Still Trouble in Bankland
Leaving aside the worries over Basel III requirements and the 300-plus new regulations soon to spew forth from Dodd-Frank, first quarter data from the FDIC has been parsed by ValuEngine Chief Strategist Richard Suttmeier and while the numbers look good, a peek under the hood reveals problems.
Profits in the banking sector were up for the 7th consecutive quarter as total net income was $29 billion. Only 15% of banks were unprofitable in Q1. However, the profits came from banks putting less in loan-loss provision. The collective provision for loan-loss was more than cut in half from a year ago: $51.6 billion to $20.7 billion.
At the same time Net operating income was 3.2% lower than a year ago. “This is only the second time in 27 years for which data are available that the industry has reported a year-over-year decline in quarterly net operating revenue (net interest income plus total noninterest income),” Suttmeir writes.
And while the big banks get bigger–the top four banks have $6 trillion in assets, 45% of all bank assets–these banks’ net operating income is shrinking. Six of the largest 10 banks produced lower net operating income from a year ago.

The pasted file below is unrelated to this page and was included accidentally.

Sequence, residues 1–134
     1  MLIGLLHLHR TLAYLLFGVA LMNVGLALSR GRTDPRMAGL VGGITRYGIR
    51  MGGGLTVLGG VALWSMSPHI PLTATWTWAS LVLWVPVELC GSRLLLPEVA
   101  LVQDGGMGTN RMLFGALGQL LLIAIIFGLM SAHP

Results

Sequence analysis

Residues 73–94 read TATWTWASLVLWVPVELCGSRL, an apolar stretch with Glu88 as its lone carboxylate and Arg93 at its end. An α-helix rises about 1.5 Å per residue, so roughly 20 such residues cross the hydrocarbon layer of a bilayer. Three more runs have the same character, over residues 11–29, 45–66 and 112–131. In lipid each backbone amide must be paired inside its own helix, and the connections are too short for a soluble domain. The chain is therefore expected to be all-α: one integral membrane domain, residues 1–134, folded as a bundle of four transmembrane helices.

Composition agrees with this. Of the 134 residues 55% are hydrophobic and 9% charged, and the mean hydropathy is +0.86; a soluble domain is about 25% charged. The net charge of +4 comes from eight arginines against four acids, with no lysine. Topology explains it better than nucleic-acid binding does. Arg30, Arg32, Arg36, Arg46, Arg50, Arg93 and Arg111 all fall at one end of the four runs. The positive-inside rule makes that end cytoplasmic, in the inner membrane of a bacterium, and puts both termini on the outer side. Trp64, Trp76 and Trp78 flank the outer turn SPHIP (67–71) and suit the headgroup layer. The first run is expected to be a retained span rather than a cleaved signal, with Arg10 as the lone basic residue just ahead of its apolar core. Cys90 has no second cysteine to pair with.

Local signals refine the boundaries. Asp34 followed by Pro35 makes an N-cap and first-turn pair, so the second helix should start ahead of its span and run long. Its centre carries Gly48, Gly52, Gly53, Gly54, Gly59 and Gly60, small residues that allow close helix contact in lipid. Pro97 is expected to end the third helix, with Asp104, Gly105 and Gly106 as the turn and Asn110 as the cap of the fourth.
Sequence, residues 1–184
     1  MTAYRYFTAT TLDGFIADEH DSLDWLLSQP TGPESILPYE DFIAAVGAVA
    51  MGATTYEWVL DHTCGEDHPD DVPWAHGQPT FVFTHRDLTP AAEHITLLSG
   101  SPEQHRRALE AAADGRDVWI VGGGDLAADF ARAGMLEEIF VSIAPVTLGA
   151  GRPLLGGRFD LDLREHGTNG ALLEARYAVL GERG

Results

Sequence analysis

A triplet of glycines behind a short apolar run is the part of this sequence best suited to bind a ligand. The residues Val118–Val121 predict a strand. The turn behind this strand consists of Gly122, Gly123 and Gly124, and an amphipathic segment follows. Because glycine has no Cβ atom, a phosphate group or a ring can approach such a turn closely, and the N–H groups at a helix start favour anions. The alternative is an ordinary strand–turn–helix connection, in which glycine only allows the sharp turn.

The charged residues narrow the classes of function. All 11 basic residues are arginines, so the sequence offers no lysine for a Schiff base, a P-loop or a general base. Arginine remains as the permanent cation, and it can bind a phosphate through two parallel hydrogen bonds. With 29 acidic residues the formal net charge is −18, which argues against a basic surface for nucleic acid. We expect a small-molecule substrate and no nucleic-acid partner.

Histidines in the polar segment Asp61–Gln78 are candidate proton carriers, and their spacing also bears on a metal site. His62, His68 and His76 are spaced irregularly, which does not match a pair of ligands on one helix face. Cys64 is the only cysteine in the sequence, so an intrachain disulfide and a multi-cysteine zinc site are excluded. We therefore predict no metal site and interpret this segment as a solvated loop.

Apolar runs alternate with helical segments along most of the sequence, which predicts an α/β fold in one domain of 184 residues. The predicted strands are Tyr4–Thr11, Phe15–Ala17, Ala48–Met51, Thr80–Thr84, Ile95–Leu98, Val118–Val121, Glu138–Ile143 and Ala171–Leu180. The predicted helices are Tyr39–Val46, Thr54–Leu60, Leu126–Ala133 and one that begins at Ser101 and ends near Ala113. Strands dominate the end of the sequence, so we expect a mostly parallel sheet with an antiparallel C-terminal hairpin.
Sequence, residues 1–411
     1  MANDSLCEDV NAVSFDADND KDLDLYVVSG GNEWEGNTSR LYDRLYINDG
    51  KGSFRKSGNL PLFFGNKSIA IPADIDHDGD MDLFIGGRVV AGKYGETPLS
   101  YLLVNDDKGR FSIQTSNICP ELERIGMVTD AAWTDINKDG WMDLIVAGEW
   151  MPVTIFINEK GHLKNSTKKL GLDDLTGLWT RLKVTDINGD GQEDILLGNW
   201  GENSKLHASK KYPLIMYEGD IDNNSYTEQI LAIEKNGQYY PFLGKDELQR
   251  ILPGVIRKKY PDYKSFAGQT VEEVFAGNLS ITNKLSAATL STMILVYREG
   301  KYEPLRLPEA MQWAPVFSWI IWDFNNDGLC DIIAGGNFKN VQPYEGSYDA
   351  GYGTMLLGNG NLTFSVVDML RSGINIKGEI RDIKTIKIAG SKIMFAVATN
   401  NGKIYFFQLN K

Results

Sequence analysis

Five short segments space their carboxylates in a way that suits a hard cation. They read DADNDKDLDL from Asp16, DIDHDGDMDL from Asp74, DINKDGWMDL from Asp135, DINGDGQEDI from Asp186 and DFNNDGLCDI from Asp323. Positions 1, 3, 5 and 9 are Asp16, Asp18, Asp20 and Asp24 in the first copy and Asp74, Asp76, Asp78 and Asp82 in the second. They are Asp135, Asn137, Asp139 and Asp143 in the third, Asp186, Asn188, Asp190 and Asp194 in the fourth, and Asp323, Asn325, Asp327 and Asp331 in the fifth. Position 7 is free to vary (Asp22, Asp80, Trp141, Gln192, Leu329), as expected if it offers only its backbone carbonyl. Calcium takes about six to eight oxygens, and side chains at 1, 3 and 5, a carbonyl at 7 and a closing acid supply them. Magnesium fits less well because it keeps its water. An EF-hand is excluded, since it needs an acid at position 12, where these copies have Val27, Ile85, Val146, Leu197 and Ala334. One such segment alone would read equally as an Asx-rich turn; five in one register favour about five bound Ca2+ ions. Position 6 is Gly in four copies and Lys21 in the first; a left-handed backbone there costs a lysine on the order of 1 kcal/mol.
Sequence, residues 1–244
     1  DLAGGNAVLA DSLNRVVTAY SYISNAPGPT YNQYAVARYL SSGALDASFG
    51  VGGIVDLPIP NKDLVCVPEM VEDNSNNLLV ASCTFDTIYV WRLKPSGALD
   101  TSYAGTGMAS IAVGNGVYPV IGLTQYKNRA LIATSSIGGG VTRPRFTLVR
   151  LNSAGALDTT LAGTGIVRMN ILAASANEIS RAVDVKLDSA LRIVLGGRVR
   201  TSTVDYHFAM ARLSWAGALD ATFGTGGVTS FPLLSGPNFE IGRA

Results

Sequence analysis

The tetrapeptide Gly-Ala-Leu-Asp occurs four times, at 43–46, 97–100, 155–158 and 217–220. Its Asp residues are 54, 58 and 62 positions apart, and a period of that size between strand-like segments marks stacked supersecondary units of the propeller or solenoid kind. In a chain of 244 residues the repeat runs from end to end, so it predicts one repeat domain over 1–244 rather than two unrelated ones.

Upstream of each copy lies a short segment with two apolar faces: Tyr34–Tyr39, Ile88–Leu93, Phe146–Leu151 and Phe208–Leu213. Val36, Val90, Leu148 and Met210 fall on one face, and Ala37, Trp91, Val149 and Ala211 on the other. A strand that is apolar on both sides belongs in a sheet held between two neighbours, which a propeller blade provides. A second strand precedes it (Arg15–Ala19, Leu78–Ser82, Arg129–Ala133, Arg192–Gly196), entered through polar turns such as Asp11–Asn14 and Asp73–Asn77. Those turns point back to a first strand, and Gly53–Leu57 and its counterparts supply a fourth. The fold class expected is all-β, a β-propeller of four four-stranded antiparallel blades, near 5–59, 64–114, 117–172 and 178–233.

Larry Kudlow may think banks have started lending, but the numbers show otherwise. Loans were down $126.6 billion or 1.7%, the 5th largest decline in the 28 years that number are available. C & I loans increased by 1.5%, but nearly half the growth was to non-US borrowers.
The reserve coverage ratio (loan-loss provision/non-current loans) remains well under 100%.
Insured deposits have grown close to 50% from Q4 2007 to $6.4 trillion. The Deposit Insurance Fund continues to be negative. The DIF Reserve ratio is -0.12, a long way from the 1.35% required by Dodd-Frank by 9-30-2020.